"They (journalists) shall use fair and honest means to obtain news, films, tapes and documents. Extract Australian Journalist Association (AJA) Code of Ethics
Some journalists will stoop to any depth to "get or make" a story.
This recorded incident of Sun Herald journalist Daniel Dasey's deception of Pauline Hanson's One Nation reveals how today's media operates - in total contravention of the AJA Code of Ethics to which they are supposed to be bound.
GWB staff, as editors of the daily on-line Australian News of the Day, wondered why the mainstream media had slanted their reporting. We had our own theories which were supported by a senior journalist at Fairfax's Sydney Morning Herald.
Here is part of what Ms Kingston had to say (see link above):
|"Now when you have a man so powerful that he can buy Graeme Richardson to talk the Labor party around and Michael Kroger to talk the Liberal party around, and Howard and Costello and Alston jump to his every need no matter how irrational, no matter how transparently incoherent their arguments, we have a huge problem. And yes, personally I am very scared, personally, of Mr Packer taking over Fairfax."|
And Margo Kingston has every reason to fear Packer, the report "The dark side of Kerry Packer" gives a fascinating insight into the man who allegedly owes the Australian Tax Office over Au$140 million.
Packer's Channel Nine television network, spearheaded by Sixty Minutes has been particularly focused in attempts to try to discredit Ms Hanson. It is quite plausible to reason that this is because One Nation, if successful in gaining the balance of power after the next federal election, could "upset" the current cosy relationship that Margo Kingston refers to as One Nation's success would undermine the lobbyists current preferential relationship that they enjoy with key bureaucrats and politicians in Canberra. It is our belief that the negative reporting has little, if anything, to do with Ms Hanson's viewpoint.
The same comparisons can be made about the not-so-saintly Rupert Murdoch and his News Corporation empire who use "the tax loopholes" to pay little or no tax.
In May 1997 Sixty Minutes secured an interview with Ms Hanson under blatantly false pretences. What was supposed to be a report based on "....initially Pauline Hanson was a phenomenon in Australian politics, today she is clearly a force to be reckoned with." turned into a programme with one intention in mind - to ridicule her.
In late July Channel Nine's Sixty Minutes programme used an Asian correspondent, Emily Lau, who they claimed "was one of the 100 most powerful women in the world" to try to berate and ridicule Ms Hanson. What they didn't tell Australia about the lady would have made a story in itself.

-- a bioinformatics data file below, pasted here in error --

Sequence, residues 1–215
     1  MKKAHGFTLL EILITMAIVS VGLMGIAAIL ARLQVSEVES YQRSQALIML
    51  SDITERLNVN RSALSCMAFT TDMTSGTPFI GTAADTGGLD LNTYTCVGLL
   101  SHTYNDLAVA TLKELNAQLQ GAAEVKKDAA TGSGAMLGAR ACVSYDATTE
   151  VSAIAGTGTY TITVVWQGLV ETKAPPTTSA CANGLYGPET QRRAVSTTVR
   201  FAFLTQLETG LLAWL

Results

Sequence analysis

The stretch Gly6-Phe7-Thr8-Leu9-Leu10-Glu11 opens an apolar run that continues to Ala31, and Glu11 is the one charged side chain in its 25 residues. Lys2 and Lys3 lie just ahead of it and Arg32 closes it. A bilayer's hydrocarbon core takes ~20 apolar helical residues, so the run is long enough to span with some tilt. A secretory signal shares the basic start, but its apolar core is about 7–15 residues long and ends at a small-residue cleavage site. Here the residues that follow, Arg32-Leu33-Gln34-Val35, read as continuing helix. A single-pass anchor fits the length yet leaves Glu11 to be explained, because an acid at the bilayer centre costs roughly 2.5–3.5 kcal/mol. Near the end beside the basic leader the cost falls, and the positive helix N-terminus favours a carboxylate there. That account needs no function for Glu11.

In fact the basis of the interview with well-placed Thais was, in itself, a complete and disgraceful scam. This is an extract from what the Bangkok Post says about Thai's approach to foreigners:
"A foreigner remains a foreigner regardless of how long he resides here or how fluently he learns to speak the language. Even if he acquires Thai citizenship, the local community withholds integration. He may have the customs and mores down pat, nevertheless he lacks the requisite prejudices."
However, while claiming that Emily Lau would take the wrappers off the damage that Pauline Hanson was doing to trade with Asia, no thought was given to the damage that the coverage given to Lau by Channel Nine would do to Australia's business links with China.
It is no surprise then that Pauline Hanson and many others in Australia considers Sixty Minutes "a dirty word".
It was at this point in time that GWB realised that the Internet should be used a tool to do more than just get Pauline Hanson's real message out to the mainstream Australian population. New on-line strategies had to be planned to attract the attention of journalists and editors in a manner that they could not disregard or "overlook" - even if we became the focus of their attack as a consequence.
This task was going to be harder than we realised... as facts don't count to a biased media.
In early July Pauline Hanson launched the Gold Coast branch of One Nation. The change in the face of the protesters since the launch of One Nation in Ipswich just over two months before was immediately apparent. An ugly mood bordering on violence - represented this changing face that had been reflected in a number of One Nation launches during this period of time.
This at a time when former Governor General and former Australian Labor Party MP for Pauline Hanson's seat of Oxley, Bill Hayden, claimed in an article in Ipswich's Queensland Times that Pauline Hanson had had a "dream run" (with the media) while Kim Beazley, the Australian Labor Party (ALP) leader, added his voice to the comment by Howard claiming that One Nation was attracting right wing radicals.
The comments by Beazley, echoed by his deputy Evans, were a trifle ironic as, following the Gold Coast launch GWB embarked on a comprehensive search on the Internet for links to the protesters and came up with the jackpot.